I-27 supporters target Supreme Court, county council
Oct 25, 2017, 3:49 PM | Updated: 4:31 pm
(Harvey Barrison, Flickr)
The grassroots group behind Initiative 27 to ban safe injection sites in King County is not losing any speed after their courtroom defeat. They are moving on to the state Supreme Court.
RELATED: I-27 loses in King County court
“We hired a couple of attorneys — Mark Lamb and Phil Talmadge,” said Josh Freed with Safe King County, the group behind I-27, on AM 770 KTTH’s Jason Rantz Show.
“Phil was a Supreme Court justice for many years and a former candidate for governor,” he said. “Just two days ago we gave a notice of appeal with an expedited review request to the Washington State Supreme Court to reinstate the right for 1.3 million voters in (King County) to participate in the elections process.”
A King County judged ruled this month that I-27 fell outside the purview of the initiative process, and therefore could not be on the next ballot in February 2018. Judge Veronica Alicea Galvan concluded that “Where a state law gives power to a municipality’s ‘legislative authority’ or ‘governing body,’ local direct legislation through initiative power or referendum cannot supplant, place conditions, or limit the legislative body’s exercise of that power … I-27 proposes to engage in the appropriations process through prohibition of funding and therefore impinges upon the legislative authority of the county.”
Basically, the initiative process cannot overrule the health department on matters of public health. This was the argument that Protect Public Health — a collection of groups such as the ACLU and the City of Seattle — argued when they filed a lawsuit against I-27. The judge said that the initiative, in its entirety, extends beyond the scope of the local initiative power and ordered it was void and should be removed from the February ballot.
I-27 supporters disagree.
“For many years, Washington state has been a place where initiatives have been a welcome process … in 1970, abortion was legalized in Washington state … most recently we’ve seen medical marijuana and recreational marijuana legalized through the initiative process,” Freed said. “So when it comes to public health, initiatives have been used several times before. But what the ACLU and the City of Seattle don’t like is when we are encroaching on their desire to push forward with one of the most dangerous health care, drug policies in America – legalized heroin use and possession in the form of heroin injection rooms.”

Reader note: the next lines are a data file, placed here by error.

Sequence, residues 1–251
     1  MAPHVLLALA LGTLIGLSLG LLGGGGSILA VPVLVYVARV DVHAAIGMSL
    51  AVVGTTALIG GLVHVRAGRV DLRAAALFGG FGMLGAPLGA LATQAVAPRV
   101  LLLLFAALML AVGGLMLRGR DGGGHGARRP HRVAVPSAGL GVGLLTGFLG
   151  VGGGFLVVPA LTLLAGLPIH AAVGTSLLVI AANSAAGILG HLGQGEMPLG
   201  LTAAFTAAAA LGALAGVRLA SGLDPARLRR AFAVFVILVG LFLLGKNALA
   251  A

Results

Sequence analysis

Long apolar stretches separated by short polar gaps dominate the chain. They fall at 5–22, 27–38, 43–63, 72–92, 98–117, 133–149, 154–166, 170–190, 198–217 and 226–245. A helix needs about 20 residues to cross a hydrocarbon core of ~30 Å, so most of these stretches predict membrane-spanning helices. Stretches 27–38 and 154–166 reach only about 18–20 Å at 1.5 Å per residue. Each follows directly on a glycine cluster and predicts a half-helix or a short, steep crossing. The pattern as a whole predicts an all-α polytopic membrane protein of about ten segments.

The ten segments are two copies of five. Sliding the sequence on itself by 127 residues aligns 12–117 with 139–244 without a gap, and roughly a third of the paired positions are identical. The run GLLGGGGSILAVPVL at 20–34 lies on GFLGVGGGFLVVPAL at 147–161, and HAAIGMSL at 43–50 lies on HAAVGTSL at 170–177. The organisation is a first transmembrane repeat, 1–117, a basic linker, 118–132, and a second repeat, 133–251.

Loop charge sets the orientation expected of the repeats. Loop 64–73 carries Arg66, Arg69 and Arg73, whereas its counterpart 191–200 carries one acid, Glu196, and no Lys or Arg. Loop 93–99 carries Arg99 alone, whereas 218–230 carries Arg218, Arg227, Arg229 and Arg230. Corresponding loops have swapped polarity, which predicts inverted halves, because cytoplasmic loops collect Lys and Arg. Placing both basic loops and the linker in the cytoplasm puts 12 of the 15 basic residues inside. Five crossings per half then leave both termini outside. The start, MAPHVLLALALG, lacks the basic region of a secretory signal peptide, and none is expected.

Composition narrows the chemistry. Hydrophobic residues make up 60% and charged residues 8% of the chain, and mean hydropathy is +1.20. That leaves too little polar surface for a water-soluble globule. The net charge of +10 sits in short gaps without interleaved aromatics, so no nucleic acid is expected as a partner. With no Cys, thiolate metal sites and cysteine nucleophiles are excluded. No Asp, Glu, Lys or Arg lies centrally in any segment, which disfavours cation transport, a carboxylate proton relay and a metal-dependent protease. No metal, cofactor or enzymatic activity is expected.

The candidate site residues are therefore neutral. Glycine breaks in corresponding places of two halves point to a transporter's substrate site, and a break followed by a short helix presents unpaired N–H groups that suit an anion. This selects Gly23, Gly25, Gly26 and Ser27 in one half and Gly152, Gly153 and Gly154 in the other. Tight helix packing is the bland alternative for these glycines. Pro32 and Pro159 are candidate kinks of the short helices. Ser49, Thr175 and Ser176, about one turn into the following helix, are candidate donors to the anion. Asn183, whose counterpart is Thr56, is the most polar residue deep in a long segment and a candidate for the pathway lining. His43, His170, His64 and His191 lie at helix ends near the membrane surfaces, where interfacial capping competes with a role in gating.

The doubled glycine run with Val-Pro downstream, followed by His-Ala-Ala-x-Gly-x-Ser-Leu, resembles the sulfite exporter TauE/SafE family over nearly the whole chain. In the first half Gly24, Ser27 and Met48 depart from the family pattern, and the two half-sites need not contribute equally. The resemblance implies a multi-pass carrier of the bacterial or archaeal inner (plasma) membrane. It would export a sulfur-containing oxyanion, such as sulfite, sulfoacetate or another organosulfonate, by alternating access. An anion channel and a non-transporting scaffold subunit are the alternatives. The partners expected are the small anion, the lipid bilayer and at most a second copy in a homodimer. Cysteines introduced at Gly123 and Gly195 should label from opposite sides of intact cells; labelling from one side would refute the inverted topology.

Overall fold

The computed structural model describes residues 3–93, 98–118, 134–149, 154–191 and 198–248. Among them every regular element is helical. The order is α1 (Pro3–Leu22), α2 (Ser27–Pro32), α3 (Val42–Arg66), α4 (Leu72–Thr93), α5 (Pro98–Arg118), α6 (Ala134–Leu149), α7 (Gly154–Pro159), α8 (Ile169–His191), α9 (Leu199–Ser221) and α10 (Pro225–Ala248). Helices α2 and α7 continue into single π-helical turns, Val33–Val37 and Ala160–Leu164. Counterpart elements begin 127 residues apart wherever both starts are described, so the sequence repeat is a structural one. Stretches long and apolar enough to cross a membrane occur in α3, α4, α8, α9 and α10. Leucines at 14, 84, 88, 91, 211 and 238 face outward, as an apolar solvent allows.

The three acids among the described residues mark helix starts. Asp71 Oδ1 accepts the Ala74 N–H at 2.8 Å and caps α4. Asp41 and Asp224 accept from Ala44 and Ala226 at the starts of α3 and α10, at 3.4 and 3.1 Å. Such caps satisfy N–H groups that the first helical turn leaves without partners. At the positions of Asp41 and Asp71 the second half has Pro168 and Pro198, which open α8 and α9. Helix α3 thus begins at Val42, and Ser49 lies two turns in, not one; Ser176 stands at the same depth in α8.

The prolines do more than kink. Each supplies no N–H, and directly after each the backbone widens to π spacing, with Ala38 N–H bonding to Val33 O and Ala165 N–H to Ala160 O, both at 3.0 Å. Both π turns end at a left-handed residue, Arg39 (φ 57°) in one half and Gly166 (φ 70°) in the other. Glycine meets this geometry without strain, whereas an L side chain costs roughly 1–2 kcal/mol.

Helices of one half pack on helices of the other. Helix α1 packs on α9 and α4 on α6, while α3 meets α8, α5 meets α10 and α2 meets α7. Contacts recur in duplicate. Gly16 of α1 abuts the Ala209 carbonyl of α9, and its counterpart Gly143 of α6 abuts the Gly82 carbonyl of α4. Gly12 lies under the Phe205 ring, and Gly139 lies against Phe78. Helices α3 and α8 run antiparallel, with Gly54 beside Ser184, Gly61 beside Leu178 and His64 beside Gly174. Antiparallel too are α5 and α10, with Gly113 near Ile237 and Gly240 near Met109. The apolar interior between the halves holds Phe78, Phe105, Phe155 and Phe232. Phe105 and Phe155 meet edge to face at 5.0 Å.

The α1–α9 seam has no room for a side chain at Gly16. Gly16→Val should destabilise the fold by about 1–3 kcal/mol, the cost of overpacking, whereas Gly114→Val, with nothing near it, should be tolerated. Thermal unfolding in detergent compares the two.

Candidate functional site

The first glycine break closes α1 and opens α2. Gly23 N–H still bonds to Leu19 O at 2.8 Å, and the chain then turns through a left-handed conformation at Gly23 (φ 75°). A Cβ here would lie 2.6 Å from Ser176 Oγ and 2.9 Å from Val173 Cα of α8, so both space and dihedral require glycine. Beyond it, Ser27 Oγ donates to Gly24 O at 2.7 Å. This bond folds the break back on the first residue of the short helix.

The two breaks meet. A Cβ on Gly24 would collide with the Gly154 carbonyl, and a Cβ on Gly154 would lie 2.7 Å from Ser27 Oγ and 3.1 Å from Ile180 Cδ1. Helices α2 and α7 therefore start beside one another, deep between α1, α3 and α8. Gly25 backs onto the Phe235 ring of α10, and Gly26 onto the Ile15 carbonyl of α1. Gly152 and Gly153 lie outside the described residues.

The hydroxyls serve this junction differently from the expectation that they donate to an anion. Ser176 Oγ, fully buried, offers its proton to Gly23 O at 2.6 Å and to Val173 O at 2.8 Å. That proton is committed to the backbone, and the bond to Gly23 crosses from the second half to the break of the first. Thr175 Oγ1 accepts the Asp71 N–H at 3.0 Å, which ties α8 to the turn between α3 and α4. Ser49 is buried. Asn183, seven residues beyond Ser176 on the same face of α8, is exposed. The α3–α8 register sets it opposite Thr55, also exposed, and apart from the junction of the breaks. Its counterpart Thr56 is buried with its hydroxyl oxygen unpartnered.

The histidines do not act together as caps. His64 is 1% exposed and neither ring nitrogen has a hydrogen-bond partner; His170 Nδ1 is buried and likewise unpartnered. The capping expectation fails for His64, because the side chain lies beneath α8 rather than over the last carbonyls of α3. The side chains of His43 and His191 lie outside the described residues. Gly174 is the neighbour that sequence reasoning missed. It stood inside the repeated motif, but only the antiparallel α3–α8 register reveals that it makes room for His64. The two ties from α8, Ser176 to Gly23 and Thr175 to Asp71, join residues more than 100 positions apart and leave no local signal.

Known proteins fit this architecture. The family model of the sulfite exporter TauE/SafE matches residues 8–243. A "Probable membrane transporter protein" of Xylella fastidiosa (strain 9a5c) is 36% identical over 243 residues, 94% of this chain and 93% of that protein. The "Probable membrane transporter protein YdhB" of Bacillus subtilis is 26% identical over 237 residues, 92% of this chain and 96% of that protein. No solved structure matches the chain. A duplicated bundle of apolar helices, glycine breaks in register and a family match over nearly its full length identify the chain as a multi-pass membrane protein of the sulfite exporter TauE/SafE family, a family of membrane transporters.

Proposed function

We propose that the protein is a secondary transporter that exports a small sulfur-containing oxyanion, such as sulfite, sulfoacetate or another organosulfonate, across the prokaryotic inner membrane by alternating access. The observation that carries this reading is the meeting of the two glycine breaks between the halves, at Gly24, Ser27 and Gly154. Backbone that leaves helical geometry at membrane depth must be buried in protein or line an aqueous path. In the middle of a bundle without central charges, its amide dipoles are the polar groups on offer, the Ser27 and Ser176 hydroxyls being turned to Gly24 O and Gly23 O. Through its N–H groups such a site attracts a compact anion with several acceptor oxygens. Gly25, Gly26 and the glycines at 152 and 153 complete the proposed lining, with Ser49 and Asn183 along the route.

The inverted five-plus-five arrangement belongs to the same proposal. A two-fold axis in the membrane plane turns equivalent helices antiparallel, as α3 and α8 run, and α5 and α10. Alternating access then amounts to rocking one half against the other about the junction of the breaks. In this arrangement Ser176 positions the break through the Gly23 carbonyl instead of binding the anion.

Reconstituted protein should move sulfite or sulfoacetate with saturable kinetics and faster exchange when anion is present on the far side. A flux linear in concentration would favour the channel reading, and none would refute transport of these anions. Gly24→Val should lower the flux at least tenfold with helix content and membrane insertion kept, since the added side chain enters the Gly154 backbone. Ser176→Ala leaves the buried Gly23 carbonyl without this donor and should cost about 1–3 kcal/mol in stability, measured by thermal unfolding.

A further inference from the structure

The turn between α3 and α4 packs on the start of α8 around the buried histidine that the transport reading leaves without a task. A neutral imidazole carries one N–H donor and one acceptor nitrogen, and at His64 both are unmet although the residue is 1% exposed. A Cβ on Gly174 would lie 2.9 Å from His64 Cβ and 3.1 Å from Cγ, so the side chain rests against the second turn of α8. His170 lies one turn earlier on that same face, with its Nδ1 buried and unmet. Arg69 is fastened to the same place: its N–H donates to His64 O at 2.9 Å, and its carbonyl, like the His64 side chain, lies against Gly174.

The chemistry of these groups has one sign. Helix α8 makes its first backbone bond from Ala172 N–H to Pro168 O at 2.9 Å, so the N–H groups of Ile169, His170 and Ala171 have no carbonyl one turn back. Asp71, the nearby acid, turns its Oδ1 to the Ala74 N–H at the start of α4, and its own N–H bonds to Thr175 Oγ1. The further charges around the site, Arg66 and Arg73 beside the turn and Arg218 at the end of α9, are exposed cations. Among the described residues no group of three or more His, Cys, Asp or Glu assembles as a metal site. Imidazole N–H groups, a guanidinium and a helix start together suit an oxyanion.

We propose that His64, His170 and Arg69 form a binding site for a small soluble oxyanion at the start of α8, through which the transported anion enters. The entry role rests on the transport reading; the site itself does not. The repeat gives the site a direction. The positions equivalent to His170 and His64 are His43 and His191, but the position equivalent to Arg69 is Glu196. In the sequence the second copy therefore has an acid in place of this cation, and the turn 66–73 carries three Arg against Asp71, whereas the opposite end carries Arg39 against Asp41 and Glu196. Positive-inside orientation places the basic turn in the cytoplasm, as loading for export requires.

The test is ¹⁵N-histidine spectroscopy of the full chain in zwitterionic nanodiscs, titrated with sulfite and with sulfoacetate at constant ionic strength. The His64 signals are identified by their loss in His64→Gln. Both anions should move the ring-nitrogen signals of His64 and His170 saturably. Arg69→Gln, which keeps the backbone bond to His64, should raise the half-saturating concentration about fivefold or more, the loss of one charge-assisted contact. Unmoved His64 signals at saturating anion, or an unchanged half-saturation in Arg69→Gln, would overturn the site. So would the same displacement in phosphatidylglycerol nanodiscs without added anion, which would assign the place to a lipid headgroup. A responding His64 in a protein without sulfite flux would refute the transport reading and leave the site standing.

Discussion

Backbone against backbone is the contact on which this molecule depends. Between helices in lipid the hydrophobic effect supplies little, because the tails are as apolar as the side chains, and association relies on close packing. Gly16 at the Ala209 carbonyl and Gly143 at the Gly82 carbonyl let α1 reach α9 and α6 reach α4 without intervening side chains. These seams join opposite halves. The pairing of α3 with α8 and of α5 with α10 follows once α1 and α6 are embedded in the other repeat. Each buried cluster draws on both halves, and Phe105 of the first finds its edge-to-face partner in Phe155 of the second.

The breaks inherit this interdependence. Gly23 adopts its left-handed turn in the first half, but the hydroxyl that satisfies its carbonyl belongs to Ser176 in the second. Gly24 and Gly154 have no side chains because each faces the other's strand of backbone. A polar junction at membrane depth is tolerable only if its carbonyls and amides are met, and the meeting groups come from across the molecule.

Freed hopes that the state Supreme Court will rule in their favor in time to get the initiative on the next ballot. That deadline is Dec. 15. If not, they will fight for the following ballot. In the meantime, King County aims to place two CHEL (Community Health Engagement Locations), or safe injection sites, in the region — one in Seattle. Some cities in King County, such as Bellevue, have moved ahead and banned the sites on their own. The county has said that it won’t place the sites in cities that do not want them.
“The sad thing is I went to a King County Council meeting two weeks ago and Rod Dembowski and others started changing their tune on that because they are considering heroin injection sites an essential public service, meaning they will put it wherever they darn well please,” Freed said.
“But at this point, as the law stands, they will only put them in cities that want them,” he said. “It leaves people in the unincorporated county exposed. That’s why I-27 is so important. It gives those people a voice who don’t have a city council standing against it.”
Freed added that it’s not just the initiative process that his group is focusing on. They want to go after the council members who brought forth the safe injection plan to begin with.
“We do have more than one front going on in this battle … when you see people like Claudia Balducci, her own City of Bellevue put a ban on this, you would think her district that is 75 percent against heroin injection sites would come out in the next election to make sure she does not get re-elected,” Freed said.
“We also have other King County council members like Rod Dembowski who actually sits as the chair of the King County health board as an attorney … Rod’s a lawyer and he’s overseeing our public health board,” he said. “He’s not an expert on public health. I think people in the county whose lives have been affected by heroin use, who have lost loved ones to heroin use, those people can be the authority … and should have the right to vote.”
- Tune in to AM 770 KTTH weekdays at 3-7pm toThe Jason Rantz Show.